When Hurricane Ike blew through my neighborhood (and he did, quite literally – the eye went over my house), he swept away much of the area’s history. The TopWater Grill in San Leon is gone, as is the shrimp fleet that supplied the best restaurant in the area with fresh catch. Never mind the Boardwalk, that generic tourist trap that locals never go to unless relatives come to town and demand the tour. The Classic Cafe is flooded, and Portofino. Skipper’s (breakfast 24 hours a day), Okie’s Liquor (do they really still sell Everclear out the back door?) and Joe Lee’s (never give in to the developers, damn it!) are nothing but shells. Even Marybelle’s, an honest-to-goodness waterfront bar with dead bodies in the restrooms (in the old days) and home to the infamous “Miss Wharf Rat” contest is gone, swept away by the back side of the storm into the shallows of Galveston Bay.
Between nervousness over Gustav, twinges of anxiety over Ike and the need to think about all of the “what if’s” associated with each storm, it became hard to focus, and harder to post. I haven’t posted here in so long it seems like months since WordPress was part of my life. When it became clear that, this time, Texas was in the sights of a mammoth hurricane, it became impossible to think about anything but preparation. When it became even more clear that Houston and Galveston were not going to escape at the last minute, survival was all that mattered.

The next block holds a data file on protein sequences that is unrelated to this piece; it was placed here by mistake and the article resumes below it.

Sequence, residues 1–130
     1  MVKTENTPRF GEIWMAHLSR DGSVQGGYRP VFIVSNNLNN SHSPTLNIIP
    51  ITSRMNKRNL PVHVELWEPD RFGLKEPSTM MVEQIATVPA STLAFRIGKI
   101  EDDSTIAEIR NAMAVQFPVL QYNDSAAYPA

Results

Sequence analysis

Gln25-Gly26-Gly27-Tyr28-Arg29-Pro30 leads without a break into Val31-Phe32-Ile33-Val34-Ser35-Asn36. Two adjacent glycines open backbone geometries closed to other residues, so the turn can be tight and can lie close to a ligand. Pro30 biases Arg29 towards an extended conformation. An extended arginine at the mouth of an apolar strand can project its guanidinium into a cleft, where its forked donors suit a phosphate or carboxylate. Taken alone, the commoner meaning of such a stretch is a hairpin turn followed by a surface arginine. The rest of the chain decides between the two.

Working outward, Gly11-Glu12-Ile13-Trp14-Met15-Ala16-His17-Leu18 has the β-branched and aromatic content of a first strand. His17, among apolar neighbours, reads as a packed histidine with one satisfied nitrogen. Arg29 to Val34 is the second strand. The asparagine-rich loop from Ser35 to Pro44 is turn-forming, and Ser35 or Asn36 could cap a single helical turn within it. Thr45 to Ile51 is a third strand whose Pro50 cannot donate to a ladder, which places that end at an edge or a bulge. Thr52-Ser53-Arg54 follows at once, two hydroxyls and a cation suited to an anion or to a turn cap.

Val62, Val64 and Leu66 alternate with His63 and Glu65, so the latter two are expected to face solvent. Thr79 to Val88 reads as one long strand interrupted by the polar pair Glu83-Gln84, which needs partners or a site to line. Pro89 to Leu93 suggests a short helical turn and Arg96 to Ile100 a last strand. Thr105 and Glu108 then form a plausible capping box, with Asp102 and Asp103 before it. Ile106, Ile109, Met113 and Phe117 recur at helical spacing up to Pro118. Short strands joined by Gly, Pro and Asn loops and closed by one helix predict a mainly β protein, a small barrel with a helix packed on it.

When it comes to hurricanes, I take the Chicago-school-of-voting approach. I evacuate early and often. Remembering the disastrous evacuation for Rita, I pitched a sufficient number of fits that I managed to cram my mother and my cat into the car two full days ahead of landfall, and we landed in Tyler, Texas for the duration. Now, Mom is in Kansas CIty, I’m back home, and I’m assuming the cat will come out from under the bed eventually.
I still can barely think, but the time has come to begin life anew, and so I am going to post some entries from a little blog I kept going through the events of the past week on a weather-related site. It will bring me back to WordPress, help me remember how to do this, and allow me to begin thinking things through, one entry at a time.
I am so grateful to those who have contacted me in one way or another. I’m grateful to be alive, and grateful that I’m in a position to begin helping others. One day, I’ll probably have a really good cry – but just now, I’m going to just enjoy remembering, and telling you a little of what it’s like to move through a hurricane……
Monday, September 15
One of the things you learn when traveling with an (ahem) older person is that a running start for the day isn’t always possible. So, having wakened my mom for the trek to KC, I wandered out to find coffee, and found a group of AT&T workers as well. Eight restoration crew vehicles were parked outside our room, and the guys were getting ready to head down the road. We had breakfast together, and it was wonderful to be able to say “thank you” to some real people who are going to be helping put things back together.